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# Justification using second derivative: maximum point

Given that the derivative of a function is zero, we can justify whether the function has a relative maximum point by looking at the second derivative.

## Want to join the conversation?

• I don't think that this was an accurate justification because h''(-5) is also negative, does that mean that h(5) is the relative maximum? NO!!
• True, but h'(5) isn't zero.

The justification is not just that h''(x) is negative; it has to be h'(x) = 0 AND h''(x) is negative.
And we're told in the question that h'(-4) = 0.
• Why the graph of the function concaves downward when the second derivative is negative?
• If a function's second derivative is negative, then its slope is decreasing. This is equivalent to saying that a function is concave downward.

Remember: The first derivative gives the rate of change (slope) of the function, while the second derivative gives the rate of change of the first derivative. This means that the second derivative tells us how the slope is changing.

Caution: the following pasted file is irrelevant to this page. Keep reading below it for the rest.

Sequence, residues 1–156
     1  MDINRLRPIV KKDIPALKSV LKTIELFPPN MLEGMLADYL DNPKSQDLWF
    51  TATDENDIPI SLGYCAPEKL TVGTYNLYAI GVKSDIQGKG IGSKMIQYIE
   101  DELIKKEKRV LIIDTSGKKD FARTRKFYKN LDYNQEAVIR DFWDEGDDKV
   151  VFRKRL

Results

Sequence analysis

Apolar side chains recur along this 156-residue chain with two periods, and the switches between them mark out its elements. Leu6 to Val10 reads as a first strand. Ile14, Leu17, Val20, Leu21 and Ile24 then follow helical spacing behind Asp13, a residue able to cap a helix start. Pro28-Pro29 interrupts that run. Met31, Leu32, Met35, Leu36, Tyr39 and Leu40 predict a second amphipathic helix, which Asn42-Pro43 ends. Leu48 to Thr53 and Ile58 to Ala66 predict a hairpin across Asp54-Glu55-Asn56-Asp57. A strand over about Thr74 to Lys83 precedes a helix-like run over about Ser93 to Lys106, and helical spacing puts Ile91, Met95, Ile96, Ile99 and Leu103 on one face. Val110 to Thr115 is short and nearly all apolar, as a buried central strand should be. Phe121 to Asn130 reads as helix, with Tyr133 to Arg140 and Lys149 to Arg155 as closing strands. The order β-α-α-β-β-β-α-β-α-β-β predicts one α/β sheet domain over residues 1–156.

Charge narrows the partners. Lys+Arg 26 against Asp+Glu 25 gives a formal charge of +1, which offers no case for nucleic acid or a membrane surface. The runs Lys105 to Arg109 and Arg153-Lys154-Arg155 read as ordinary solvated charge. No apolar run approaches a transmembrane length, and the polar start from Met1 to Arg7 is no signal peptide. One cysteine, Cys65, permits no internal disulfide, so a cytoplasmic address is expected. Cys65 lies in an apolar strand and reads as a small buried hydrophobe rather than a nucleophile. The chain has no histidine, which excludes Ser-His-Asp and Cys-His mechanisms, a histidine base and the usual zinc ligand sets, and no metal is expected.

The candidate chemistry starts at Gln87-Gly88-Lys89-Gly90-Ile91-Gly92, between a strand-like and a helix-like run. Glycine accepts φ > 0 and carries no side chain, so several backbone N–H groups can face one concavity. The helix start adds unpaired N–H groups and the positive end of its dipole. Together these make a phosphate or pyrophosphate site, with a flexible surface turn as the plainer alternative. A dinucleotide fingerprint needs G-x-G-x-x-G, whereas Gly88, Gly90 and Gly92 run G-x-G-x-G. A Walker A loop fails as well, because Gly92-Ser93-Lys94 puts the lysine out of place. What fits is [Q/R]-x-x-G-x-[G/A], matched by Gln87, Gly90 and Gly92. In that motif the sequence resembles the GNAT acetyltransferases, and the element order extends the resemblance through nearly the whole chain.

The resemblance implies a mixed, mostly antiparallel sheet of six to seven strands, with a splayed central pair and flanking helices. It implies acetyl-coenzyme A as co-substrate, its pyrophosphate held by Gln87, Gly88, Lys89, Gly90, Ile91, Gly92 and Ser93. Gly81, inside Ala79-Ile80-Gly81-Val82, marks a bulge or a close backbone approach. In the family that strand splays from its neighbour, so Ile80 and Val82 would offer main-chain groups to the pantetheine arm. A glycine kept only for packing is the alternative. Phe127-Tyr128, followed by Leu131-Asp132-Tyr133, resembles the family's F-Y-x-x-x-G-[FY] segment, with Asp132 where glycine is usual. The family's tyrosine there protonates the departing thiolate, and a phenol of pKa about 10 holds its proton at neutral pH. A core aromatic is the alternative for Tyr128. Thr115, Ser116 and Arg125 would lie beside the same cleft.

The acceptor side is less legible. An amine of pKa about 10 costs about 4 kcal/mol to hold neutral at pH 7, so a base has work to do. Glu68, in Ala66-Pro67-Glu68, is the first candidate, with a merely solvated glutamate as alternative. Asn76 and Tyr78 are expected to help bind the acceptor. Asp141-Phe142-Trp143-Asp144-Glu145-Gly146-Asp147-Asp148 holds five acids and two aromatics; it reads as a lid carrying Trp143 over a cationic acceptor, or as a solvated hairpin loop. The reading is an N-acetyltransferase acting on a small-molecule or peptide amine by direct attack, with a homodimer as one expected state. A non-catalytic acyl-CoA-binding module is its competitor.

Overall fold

• How is it possible when f''(x) is negative that f'(x) is 0, shouldn't it be decreasing? am I missing something? [h''(-4) is negative, h'(-4)=0]
(1 vote)
• f''(x)<0 means the function is concave down, and f'(x)=0 means it's neither increasing nor decreasing at that point.

Consider f(x)=-x^2 at x=0:
f'(x)=-2x, so f'(0)=0, and f''(x)=-2.
• Does it matter at all that the second derivative of the function has a local extremum at the same "`x`" value as the function's local extremum?